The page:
The revelation occurred in a discussion titled "The Future of Cars" with David Friedman, Acting Administrator of the US' National Highway Transport Safety Administration, and Hiroyoshi Yoshiki, Toyota's head of R&D.
Right at the end of the session the moderator asked, almost flippantly, what both men thought about the possibility of flying cars.
Yoshiki replied that Toyota has "been studying flying cars in our most advanced R&D area”. The man from Toyota later went on to clarify that he actually meant a hover car "that's just a little bit off the road, so it doesn't have any friction or resistance from the road".
According to The Verge, after the on-stage discussion Yoshiki declined to elaborate further on either the state of Toyota's hover car research or its prospects for making it to market.
Given the high price of hovering vehicles at the moment, it's probably safe to assume that mass market hover cars are still some way off in mankind's future. As an example, the golf hovercraft (above) retails for a cool US$58,000 on the Hammacher Schlemmer website. That's significantly more than a regular four-seat, four-wheel golf cart, which you can pick up for around US$8,000.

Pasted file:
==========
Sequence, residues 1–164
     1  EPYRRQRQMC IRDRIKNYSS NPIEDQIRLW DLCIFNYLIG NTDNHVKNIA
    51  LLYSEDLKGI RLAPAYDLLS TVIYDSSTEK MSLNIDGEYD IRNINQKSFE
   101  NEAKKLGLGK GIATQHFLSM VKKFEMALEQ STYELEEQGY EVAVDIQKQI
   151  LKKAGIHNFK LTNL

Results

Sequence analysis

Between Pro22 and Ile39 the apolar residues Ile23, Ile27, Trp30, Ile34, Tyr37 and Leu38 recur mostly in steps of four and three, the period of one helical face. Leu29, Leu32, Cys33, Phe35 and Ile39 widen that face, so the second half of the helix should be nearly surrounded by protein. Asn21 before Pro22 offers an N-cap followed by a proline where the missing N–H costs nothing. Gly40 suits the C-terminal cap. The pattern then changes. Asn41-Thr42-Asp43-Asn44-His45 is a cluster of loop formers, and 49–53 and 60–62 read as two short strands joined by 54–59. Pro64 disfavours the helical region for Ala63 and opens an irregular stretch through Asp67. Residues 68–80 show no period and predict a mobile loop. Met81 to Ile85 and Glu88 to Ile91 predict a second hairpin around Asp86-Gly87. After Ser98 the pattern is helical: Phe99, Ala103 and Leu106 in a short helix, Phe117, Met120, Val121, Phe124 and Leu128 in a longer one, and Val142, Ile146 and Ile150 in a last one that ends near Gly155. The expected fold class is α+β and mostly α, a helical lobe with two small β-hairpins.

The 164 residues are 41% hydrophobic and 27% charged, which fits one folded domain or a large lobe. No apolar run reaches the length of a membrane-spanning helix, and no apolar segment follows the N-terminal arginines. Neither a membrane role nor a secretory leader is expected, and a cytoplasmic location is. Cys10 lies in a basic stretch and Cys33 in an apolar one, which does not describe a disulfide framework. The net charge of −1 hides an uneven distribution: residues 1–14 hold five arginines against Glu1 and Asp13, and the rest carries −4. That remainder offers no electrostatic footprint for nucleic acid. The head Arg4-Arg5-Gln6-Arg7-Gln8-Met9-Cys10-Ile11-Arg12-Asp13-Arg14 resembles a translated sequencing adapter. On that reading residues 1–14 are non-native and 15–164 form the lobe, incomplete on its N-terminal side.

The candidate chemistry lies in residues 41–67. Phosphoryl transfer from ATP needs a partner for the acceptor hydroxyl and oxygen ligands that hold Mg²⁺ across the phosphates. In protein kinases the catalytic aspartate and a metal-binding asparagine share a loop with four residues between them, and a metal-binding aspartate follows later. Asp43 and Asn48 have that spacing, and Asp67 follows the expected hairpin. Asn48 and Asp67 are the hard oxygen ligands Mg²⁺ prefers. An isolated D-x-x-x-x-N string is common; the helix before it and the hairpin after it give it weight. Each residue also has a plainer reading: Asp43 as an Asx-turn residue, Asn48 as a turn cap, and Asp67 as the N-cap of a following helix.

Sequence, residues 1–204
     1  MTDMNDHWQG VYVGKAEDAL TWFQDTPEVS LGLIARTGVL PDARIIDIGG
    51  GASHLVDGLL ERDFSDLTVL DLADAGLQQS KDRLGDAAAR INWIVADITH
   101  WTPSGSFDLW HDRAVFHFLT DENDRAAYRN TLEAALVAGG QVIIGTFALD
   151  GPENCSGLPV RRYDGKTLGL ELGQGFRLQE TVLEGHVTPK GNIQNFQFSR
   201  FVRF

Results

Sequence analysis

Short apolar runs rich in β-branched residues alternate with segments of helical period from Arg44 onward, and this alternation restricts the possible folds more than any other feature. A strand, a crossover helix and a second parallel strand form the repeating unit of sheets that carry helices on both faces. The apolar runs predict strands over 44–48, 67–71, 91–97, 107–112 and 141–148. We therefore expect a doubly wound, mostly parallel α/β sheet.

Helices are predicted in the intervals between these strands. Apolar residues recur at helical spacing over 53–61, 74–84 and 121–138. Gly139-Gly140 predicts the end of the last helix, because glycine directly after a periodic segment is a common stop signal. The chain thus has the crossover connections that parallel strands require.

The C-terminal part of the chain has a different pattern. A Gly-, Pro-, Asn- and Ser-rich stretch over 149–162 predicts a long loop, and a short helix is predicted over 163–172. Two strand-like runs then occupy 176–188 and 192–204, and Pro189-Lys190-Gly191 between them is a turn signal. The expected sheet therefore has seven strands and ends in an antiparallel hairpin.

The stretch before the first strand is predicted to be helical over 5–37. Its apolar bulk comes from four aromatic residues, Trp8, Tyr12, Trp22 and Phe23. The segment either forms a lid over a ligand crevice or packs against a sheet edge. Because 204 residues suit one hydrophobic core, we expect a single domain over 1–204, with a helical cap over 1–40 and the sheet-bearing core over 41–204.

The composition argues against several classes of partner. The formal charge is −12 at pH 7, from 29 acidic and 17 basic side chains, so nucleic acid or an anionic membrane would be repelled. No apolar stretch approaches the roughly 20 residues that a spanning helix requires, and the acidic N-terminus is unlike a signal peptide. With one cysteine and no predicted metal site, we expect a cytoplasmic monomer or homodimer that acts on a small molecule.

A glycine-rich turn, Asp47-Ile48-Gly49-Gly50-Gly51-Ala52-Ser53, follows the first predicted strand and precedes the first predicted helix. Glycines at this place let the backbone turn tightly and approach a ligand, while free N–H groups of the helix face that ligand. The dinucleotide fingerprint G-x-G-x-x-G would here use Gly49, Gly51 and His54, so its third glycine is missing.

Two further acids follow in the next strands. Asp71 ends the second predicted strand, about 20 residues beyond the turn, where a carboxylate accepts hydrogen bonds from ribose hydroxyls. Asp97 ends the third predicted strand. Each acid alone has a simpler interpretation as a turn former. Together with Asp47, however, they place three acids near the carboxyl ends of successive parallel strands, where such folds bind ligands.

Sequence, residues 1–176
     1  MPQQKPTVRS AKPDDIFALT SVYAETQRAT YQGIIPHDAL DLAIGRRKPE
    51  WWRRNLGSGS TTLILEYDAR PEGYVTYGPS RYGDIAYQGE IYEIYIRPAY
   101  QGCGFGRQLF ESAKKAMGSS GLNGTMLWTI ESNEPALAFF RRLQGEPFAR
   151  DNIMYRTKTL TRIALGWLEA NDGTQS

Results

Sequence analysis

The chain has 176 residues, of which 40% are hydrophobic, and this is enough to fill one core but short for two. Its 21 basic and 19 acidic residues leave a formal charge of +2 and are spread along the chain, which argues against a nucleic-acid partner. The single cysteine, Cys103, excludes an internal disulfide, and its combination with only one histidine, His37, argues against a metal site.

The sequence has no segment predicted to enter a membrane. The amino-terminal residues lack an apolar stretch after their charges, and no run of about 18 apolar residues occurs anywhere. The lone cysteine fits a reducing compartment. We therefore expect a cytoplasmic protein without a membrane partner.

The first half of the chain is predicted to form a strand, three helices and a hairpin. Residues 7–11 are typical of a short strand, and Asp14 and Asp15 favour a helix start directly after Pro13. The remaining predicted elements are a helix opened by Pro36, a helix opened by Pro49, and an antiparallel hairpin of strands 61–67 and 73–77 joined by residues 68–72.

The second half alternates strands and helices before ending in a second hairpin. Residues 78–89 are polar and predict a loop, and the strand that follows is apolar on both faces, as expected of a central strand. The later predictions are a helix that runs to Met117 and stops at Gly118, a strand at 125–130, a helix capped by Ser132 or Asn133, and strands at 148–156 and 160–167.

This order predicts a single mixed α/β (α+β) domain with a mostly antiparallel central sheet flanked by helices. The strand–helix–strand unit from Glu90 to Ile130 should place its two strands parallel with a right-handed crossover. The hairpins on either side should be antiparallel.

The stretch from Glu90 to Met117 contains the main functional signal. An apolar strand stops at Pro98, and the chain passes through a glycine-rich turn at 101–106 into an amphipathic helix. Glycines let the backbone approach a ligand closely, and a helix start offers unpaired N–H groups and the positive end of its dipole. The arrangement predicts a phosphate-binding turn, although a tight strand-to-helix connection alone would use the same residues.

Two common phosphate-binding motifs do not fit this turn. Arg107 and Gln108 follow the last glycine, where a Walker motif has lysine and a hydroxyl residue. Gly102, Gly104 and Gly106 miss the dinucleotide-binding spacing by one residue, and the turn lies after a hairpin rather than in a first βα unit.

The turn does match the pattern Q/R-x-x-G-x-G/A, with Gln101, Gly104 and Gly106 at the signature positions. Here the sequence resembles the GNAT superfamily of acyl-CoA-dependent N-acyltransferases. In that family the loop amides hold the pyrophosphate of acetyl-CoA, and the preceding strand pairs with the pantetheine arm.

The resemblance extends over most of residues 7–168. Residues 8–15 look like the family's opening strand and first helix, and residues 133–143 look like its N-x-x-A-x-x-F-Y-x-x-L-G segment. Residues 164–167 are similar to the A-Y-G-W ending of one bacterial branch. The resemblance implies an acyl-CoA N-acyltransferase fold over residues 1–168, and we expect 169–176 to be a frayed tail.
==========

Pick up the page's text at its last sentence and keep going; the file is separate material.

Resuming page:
With Google's recent demonstration of a driverless car without any steering wheel or pedals, the majority of the discourse focussed on autonomous vehicles.
Yoshiki stated that Toyota's aim "is not to build a true driverless car, but to eliminate traffic casualties". He doubted that the public were yet ready to sit in an autonomous car without any steering or braking control.
When asked if driverless vehicles were likely to become reality in the near future, Yoshiki replied that, in his mind, the most likely scenario would involve autonomous vehicles with car-to-car and car-to-infrastructure communication operating on designated stretches of highway. He thought that autonomous cars driving in built-up city areas was a little further down the track.